NRL developed an explosive and contraband detector that uses nuclear quadrupole resonance (NQR) to detect nitrogenous explosives or narcotics carried in luggage, mail, small cargo, or on a person.

NQR detector coil

The NQR detector coil is loaded with a large suitcase. The metal cabinet with door provides shielding from electromagnetic interference.

Advantages of the NQR system include:

  • sensitivity "threat" quantities of RDX-based explosives can be detected in suitcases;
  • specificity because the NQR resonance frequencies are highly specific to chemical structure, signals from other nitrogenous materials do not interfere;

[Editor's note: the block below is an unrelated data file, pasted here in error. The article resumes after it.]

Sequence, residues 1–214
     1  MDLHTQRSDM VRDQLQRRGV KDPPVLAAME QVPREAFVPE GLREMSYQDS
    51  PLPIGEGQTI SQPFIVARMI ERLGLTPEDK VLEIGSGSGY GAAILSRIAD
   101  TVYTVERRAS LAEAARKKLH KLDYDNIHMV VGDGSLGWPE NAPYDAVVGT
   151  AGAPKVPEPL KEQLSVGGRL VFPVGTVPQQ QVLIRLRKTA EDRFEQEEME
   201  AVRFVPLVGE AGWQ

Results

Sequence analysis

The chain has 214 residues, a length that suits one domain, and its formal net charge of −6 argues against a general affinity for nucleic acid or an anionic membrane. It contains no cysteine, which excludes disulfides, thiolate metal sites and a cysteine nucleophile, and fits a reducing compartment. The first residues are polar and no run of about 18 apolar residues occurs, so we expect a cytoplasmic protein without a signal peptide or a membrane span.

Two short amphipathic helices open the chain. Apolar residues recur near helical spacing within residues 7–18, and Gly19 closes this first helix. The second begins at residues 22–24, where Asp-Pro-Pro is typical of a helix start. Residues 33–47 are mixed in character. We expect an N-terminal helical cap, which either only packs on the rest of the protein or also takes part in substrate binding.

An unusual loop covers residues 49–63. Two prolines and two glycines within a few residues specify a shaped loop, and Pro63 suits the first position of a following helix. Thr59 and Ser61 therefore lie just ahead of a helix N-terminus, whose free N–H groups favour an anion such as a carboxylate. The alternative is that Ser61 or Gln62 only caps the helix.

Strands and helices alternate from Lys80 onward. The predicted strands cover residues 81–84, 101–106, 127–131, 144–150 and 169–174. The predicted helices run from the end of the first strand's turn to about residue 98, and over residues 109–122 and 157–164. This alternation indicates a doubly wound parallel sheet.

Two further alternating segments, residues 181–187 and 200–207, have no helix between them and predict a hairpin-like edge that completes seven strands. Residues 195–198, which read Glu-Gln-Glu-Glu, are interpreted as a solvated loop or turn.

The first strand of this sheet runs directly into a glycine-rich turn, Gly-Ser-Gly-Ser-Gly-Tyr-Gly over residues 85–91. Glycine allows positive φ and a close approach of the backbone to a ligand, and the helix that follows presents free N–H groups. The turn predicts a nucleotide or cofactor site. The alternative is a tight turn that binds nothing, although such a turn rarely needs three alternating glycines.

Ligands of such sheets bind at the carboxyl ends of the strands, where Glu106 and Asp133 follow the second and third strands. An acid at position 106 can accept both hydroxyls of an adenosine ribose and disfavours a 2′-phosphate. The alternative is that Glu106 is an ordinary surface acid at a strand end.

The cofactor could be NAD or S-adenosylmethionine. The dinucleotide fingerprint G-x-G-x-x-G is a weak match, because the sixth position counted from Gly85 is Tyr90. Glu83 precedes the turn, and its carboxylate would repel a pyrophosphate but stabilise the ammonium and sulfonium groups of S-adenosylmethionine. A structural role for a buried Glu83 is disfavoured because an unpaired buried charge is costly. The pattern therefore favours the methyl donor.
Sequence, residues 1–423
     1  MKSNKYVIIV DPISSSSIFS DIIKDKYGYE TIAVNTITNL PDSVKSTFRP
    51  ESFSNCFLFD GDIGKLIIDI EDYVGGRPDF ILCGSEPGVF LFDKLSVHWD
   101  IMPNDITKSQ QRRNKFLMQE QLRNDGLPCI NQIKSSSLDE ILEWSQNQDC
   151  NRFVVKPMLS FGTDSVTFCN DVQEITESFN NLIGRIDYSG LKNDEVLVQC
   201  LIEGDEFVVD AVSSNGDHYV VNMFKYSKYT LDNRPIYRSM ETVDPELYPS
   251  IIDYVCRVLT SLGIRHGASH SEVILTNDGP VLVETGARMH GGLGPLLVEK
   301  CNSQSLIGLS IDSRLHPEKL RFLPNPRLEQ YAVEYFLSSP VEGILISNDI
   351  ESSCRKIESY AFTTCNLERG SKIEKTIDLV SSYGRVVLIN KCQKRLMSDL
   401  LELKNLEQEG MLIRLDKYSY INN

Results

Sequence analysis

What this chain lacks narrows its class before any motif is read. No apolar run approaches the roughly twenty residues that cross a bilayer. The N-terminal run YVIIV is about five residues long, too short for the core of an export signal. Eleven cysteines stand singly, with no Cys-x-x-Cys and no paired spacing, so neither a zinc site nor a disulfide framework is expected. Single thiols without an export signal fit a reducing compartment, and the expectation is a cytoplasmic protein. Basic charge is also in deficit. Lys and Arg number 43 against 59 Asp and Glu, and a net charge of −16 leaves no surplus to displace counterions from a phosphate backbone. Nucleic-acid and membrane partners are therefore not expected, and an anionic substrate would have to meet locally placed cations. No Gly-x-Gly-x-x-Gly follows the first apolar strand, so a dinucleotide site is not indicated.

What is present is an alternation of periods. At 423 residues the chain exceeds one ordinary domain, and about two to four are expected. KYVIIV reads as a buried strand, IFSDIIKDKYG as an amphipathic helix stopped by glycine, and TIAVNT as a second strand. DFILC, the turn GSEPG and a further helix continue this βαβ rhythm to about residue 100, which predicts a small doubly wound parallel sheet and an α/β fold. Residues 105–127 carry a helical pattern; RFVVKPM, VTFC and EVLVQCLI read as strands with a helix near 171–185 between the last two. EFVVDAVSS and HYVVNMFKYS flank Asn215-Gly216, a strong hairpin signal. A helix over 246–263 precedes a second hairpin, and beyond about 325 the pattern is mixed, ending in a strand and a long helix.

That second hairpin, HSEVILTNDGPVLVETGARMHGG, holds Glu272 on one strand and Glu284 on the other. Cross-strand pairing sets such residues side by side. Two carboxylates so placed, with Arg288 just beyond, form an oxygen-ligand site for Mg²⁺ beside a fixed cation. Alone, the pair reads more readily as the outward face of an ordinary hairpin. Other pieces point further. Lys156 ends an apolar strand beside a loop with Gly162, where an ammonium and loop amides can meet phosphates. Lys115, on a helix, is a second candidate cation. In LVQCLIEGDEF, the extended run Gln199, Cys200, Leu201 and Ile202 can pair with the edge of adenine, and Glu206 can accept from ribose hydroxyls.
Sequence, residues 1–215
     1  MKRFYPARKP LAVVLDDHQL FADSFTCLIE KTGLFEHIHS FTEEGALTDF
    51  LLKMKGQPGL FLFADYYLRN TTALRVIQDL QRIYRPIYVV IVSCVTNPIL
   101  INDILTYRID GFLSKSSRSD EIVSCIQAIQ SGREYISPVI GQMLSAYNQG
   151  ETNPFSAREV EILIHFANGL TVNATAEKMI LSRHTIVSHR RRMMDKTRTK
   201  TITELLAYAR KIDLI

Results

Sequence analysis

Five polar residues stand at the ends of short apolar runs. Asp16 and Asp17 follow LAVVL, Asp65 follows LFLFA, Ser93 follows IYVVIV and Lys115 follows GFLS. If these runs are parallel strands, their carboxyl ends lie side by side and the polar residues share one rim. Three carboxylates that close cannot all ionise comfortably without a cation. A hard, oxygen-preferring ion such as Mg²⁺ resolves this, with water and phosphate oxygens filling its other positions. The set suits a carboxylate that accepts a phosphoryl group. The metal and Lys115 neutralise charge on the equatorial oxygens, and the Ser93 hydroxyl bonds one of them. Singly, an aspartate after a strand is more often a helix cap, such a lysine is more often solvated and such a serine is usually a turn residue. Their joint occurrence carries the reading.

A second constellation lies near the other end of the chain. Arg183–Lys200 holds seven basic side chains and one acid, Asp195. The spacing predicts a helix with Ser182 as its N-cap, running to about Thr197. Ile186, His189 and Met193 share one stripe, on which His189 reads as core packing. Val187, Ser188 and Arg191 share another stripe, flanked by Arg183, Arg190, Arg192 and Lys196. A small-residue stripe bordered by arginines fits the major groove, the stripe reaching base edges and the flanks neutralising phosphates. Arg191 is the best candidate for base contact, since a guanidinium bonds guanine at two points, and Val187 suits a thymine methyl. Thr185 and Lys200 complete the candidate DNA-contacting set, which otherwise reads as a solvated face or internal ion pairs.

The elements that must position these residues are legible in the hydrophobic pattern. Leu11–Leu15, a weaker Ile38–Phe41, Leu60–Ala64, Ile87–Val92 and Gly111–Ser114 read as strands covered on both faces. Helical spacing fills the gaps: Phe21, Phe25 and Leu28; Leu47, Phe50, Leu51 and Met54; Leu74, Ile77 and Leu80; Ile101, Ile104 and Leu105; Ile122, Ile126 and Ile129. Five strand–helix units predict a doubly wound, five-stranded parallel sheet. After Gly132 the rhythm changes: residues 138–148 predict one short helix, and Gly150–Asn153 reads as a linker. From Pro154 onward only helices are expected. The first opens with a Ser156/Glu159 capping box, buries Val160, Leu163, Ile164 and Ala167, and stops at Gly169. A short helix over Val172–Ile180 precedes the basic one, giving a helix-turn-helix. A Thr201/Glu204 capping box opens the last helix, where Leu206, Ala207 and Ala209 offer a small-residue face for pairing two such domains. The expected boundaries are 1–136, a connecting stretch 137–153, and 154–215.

• throughput inspection time is approximately 6 seconds for suitcases;
  • no magnets are required, therefore, magnetic media are not damaged;
  • radio frequency (RF) field strengths are low, minimizing RF exposure to operators and allowing the possibility of examining people;
  • minimal operator intervention and interpretation -- an alarm is triggered when the NQR signal from an explosive within the interrogated volume exceeds a preset threshold; and
  • inherently simple and low cost; unit comprises RF electronics and a PC system.

This NQR approach has been demonstrated for RDX-based explosives in a laboratory setting. The technology can be extended to detect other nitrogenous explosives as well as certain drugs of abuse. As envisioned, such an NQR explosives detector could be useful in airports and other fixed site installations.